So Far, Health Reforms Are More of the Same
If less is more, today’s post is a lot more.
Through legislation and executive order, the Biden administration is bringing health insurance to millions of additional people. These efforts include continuation into the summer of Affordable Care Act (ACA) sign-ups and sweetened subsidies to help pay for the plans.
Efforts include extending a financial olive branch to Republican-led states to encourage them to provide expanded Medicaid coverage to their residents, millions of whom have lost health insurance because of pandemic layoffs.
While the ACA and Medicaid sound a lot like government-run health care, private health insurers are offering nearly all the expanded coverage. They’re always been providers of ACA plans and, increasingly, dominate Medicaid managed care plans.
So, if you think private health insurers are part of the problem and not part of the solution, nothing much has changed.
Hospitals, which collect more than 30 percent of our health care dollars, run the gamut from struggling rural systems to bloated health-care hotels with opaque billing systems that often charge several times as much for privately insured care as the rates allowed under Medicare rules, and even higher multiples than charges in other developed nations with health outcomes superior to those in the U.S.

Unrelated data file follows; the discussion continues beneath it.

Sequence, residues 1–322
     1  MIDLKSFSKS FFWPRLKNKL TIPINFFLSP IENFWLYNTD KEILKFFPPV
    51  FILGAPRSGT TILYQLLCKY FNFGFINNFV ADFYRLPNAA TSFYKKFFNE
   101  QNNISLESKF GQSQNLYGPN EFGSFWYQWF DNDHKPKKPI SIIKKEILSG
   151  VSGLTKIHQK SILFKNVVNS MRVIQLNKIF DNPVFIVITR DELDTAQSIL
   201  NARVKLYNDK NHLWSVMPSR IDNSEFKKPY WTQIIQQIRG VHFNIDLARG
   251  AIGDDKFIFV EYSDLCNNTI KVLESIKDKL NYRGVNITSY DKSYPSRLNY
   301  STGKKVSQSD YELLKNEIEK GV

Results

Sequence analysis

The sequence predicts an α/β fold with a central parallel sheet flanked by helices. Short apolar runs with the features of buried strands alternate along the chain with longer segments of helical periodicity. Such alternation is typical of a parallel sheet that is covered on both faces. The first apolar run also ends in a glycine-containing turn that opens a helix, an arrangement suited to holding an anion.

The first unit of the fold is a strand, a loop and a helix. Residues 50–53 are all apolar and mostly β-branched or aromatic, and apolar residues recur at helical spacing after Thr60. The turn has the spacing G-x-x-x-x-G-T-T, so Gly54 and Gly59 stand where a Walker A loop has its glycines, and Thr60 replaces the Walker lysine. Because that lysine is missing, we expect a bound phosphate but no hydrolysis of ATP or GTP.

New hospital pricing rules took effect January 1 that require public posting of hospital prices. To date, hospitals largely have thumbed their noses at the new rules and the still-evolving team or Biden health-care leaders has yet to invoke the law’s non-compliance penalties, paltry as they may be at $300 a day.
As rural hospitals await expanded government funding to help them stay afloat, their better-heeled fat cats are waiting to greet and continue over-charging people who have avoided elective surgeries and deferred care due to fears of COVID-19 and related hospital-borne illnesses.
There are no signs of reforms for this sector of health care, either.
Doctors, nurses, and other health-care workers are today’s pandemic heroes, and nearly no one wants to cut their numbers or compensation. Just the opposite is true, given the enormous staffing shortcomings uncovered by the virus. This is another 20 percent of the nation’s bloated health-care spend that is off the table.
Even drug companies no longer top the most-wanted lists of health care villains. Their spectacular work in quickly devising and producing effective COVID-19 vaccines has restored their Teflon coatings and protected the industry from meaningful pricing curbs.
Plus ça Change, plus c’est la même chose.
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